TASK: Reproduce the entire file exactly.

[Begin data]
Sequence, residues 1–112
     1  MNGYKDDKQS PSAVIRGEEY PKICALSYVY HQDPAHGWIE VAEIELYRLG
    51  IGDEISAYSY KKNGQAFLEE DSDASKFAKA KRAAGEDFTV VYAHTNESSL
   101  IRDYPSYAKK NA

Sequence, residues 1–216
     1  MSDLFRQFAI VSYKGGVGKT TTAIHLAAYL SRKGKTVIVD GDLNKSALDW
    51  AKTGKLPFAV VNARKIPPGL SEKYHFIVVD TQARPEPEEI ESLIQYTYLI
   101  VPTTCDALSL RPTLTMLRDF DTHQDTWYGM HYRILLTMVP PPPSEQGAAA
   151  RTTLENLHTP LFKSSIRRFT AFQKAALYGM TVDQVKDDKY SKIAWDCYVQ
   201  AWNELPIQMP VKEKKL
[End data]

Sequence, residues 1–112
     1  MNGYKDDKQS PSAVIRGEEY PKICALSYVY HQDPAHGWIE VAEIELYRLG
    51  IGDEISAYSY KKNGQAFLEE DSDASKFAKA KRAAGEDFTV VYAHTNESSL
   101  IRDYPSYAKK NA

Sequence, residues 1–216
     1  MSDLFRQFAI VSYKGGVGKT TTAIHLAAYL SRKGKTVIVD GDLNKSALDW
    51  AKTGKLPFAV VNARKIPPGL SEKYHFIVVD TQARPEPEEI ESLIQYTYLI
   101  VPTTCDALSL RPTLTMLRDF DTHQDTWYGM HYRILLTMVP PPPSEQGAAA
   151  RTTLENLHTP LFKSSIRRFT AFQKAALYGM TVDQVKDDKY SKIAWDCYVQ
   201  AWNELPIQMP VKEKKL